ISIS fighters mount the largest offensive against Kirkuk since July 2014, seizing control of oil and gas facilities as Peshmerga forces defend outer districts of the provincial capital. Preceded by a considerable build-up of militants in the Hawija and Sharqat areas south west of Kirkuk city, the main thrust of the attack occurred on the morning of 30 January when gunmen assaulted Peshmerga positions in the Tal al-Ward area. In the hours that followed, hundreds of people are believed to have fled from the surrounding villages with as many as 15 employees of the northern oil company kidnapped when militants overran the Khabaz oil field only 10 kilometres from Kirkuk city, bringing production to a halt and forcing the authorities to impose a city-wide curfew until the attack was repelled. At present, the precise motivation for the assault remains unclear, although the need to divert Peshmerga forces away from other frontiers is likely to have been a consideration. A week earlier, Kurdish units succeeded in cutting road access to the ISIS stronghold of Mosul, creating a partial blockade which has made the long term prospects of the group increasingly untenable across much of the north-east.
Amid protracted clashes on the outskirts of Kirkuk, ISIS refocused attention to Samarra and other core ISF positions, with car bomb and IED attacks increasing by over 300% in urban areas. Shia and other Popular Mobilization Units (PMUs) remained a major target of such attacks, which now appear to be used increasingly as a means of countering the Iraqi government’s superiority in manpower across much of Diyala and Salahuddin. In one particularly deadly strike on 02 February, seven PMUs were killed and 28 others injured when a small team of ISIS fighters infiltrated the Sur Shnas area of Samarra town, detonating a truck bomb close to a PMU-ISF checkpoint. High profile suicide attacks were also recorded in Kirkuk city on 30 September, though in this instance their use appears to have been coordinated to support the efforts of cells fighting on the edge of the city. Following the recapture of Muqdadiya during the previous reporting period, ethnic and social tensions are also reported to be heightened across much of Salahuddin and Diyala, with further destruction of civilian homes, and inter-communal fighting expected with the arrival of large numbers of PMU volunteers in Tikrit over the coming week.
The battle for control of Ramadi intensifies in the city’s eastern and southern districts as militants increase attacks in districts bordering Baghdad International Airport (BIAP). While no further incidents against civil aviation were recorded, it is important to recognise that ISIS units retain the capability to mount mortar and other indirect fire (IDF) attacks across Abu Ghraib, particularly in the Hamdanya village and the Annaz area where on 30 January up to 12 ISF were killed in heavy machine gun and mortar attacks. From 26 January an operation has also been underway to clear ISIS from the Sjariya area east of Ramadi, resulting in attacks against ISF units more than doubling during this period as all available forces (including for the first time the Shia militias of the Katai’ib Hezbollah) are called in to support the offensive. Approximately 126 militants are believed to have been killed in the course of operations so far, with potentially half as many casualties sustained by pro-government forces in fierce VBIED and suicide belt counter-attacks by the defending ISIS militants. In Baghdad itself, the situation remains unchanged from the previous week, with highest risks extant in the Taji and Tarmiya districts north of the capital, where security personnel continue to intercept car bomb plots and militant raids on a weekly basis.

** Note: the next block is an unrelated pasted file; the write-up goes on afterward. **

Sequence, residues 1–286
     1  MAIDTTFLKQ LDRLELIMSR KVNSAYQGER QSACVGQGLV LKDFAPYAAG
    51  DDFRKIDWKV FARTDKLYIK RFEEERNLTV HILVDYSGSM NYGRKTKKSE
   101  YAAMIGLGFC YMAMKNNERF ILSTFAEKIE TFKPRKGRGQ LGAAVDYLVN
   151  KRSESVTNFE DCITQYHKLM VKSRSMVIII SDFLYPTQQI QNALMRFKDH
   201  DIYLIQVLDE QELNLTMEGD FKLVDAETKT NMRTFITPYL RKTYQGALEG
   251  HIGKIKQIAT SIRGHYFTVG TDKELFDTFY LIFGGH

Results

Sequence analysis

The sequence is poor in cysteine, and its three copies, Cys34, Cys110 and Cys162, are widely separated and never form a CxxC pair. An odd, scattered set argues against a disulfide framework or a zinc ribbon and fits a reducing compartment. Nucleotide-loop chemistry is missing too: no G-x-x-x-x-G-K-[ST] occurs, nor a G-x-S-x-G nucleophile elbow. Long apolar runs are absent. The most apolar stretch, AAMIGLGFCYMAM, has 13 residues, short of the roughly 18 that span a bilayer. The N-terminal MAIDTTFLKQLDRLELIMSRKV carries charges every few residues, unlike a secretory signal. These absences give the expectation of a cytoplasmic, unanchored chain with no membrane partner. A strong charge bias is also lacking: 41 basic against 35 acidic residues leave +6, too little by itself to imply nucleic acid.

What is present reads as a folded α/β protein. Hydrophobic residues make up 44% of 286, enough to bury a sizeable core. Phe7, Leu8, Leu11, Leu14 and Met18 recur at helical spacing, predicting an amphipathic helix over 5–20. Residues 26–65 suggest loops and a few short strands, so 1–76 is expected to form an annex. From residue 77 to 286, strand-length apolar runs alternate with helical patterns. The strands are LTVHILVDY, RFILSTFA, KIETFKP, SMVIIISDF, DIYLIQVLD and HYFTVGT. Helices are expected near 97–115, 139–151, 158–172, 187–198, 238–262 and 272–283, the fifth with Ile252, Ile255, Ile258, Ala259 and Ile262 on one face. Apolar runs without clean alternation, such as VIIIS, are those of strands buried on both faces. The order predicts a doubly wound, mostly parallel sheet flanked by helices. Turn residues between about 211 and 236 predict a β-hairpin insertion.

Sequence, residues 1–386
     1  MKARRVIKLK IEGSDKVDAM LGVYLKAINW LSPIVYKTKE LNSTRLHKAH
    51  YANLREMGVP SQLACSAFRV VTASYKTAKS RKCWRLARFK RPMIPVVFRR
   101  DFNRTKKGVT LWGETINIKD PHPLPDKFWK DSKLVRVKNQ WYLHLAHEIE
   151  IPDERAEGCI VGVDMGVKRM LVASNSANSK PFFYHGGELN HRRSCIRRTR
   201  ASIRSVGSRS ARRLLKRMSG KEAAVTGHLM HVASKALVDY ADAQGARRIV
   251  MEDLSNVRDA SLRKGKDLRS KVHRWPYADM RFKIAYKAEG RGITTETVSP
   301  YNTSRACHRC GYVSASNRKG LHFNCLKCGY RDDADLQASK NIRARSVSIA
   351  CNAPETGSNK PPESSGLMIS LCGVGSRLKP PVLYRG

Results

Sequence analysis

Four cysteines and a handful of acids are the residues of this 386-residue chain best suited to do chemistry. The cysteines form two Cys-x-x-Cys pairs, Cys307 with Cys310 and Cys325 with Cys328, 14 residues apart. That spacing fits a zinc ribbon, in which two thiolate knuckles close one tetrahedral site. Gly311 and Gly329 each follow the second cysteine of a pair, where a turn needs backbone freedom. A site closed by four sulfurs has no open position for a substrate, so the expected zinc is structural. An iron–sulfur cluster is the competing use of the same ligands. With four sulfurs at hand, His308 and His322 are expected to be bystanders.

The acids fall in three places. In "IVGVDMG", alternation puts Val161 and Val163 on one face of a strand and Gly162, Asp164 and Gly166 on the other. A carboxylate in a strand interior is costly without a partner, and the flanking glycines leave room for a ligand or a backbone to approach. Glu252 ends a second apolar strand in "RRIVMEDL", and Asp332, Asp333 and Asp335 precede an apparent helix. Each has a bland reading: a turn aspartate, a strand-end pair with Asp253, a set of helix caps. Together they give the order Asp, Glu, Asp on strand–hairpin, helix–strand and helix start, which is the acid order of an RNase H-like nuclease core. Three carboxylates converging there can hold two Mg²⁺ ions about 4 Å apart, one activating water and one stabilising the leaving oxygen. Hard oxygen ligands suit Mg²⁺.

Underlying risks of small arms fire (SAF) and armed criminality continue to be reported in the Basra area on a daily basis, largely connected to unresolved conflict between competing tribal groups. The single deadliest of these incidents occurred on 29 January when gunmen reported to belong to the Maryah clan opened fire on residential properties in the al-Majidia area, in what is believed to have been a retaliatory attack for the death of a fellow clansmen five weeks earlier. With the potential for further conflict over the coming month, recent areas of fighting including the Abu Sakhir and Intisar areas of Haritha and the Muwafiqiya neighbourhood of Basra should be avoided for all civilian transits. Urban protests, while largely confined to pay disputes among local traders and government employees at present may also see an expansion over the coming week, should authorities fail to satisfy the demands of disaffected groups in Basra city and Dhi Qar. On 02 February, some 70 former oil sector employees were recorded to have gathered in the Rifal area of Dhi Qar demanding a renewal of employment contracts, though in this instance the demonstration ended without any significant disruption.